Description: The tubular design of solid oxide fuel cells (SOFCs) and the materials used therein have been validated by successful, continuous electrical testing over 69,000 h of early technology cells built on a calcia-stabilized zirconia porous support tube (PST). In the latest technology cells, the PST has been eliminated and replaced by a doped lanthanum manganite air electrode tube. These air electrode supported (AES) cells have shown a power density increase of about 33% with a significantly improved performance stability over the previously used PST type cells. These cells have also demonstrated the ability to thermally cycle over 100 times without any mechanical damage or performance loss. In addition, recent changes in processes used to fabricate these cells have resulted in significant cost reduction. This paper reviews the fabrication and performance of the state-of-the-art AES tubular cells. It also describes the materials and processing studies that are underway to further reduce the cell cost, and summarizes the recently built power generation systems that employed state-of-the-art AES cells.
Date: December 31, 1997
Creator: Singhal, S.C.
Partner: UNT Libraries Government Documents Department

Solid oxide fuel cell commercialization in the United States

Description: This paper discusses aspects of solid oxide fuel cell (SOFC) technology commercialization in the US. It provides the status of the major SOFC developments occurring in the US by addressing both intermediate- and high-temperature SOFC`s, several SOFC designs, including both planar and tubular, and SOFC system configurations. This paper begins with general characteristics, proceeds with designs and system configurations, and finishes with a discussion of commercialization, funding, and policies. The US Department of Energy`s (DOE) Morgantown Energy Technology Center (METC) is the lead US DOE center for the implementation of a Research, Development, and Demonstration Program to develop fuel cells for stationary power. METC`s stakeholders include the electric power and gas industries, as well as fuel cell developers and others. This paper offers some new perspectives on SOFC development and commercialization which come from the broad consideration of the commercialization efforts of the entire fuel cell industry.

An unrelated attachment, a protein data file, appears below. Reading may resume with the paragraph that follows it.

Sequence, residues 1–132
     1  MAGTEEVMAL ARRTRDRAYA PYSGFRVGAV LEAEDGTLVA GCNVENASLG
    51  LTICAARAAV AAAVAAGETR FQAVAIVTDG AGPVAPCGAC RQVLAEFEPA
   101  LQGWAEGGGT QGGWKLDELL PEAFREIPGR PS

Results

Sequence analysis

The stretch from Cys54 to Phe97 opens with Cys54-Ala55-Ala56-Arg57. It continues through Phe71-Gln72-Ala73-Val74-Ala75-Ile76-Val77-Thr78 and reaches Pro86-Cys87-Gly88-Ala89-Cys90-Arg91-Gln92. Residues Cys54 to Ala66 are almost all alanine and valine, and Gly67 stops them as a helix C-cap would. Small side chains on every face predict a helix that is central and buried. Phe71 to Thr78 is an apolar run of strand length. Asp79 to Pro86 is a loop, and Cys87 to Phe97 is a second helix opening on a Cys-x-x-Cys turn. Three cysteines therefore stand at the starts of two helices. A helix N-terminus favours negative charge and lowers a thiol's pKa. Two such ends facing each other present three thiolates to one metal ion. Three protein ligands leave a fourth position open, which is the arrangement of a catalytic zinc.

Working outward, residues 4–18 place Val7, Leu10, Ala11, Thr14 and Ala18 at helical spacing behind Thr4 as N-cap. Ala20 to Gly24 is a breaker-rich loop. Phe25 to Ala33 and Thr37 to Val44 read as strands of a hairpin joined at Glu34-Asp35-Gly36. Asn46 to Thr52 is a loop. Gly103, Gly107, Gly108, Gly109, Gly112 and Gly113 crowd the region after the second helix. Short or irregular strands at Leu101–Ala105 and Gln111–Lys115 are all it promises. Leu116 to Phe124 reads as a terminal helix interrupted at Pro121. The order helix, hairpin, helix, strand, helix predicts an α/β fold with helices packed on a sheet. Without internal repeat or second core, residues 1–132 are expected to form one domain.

Date: March 1, 1995
Creator: Williams, M.C.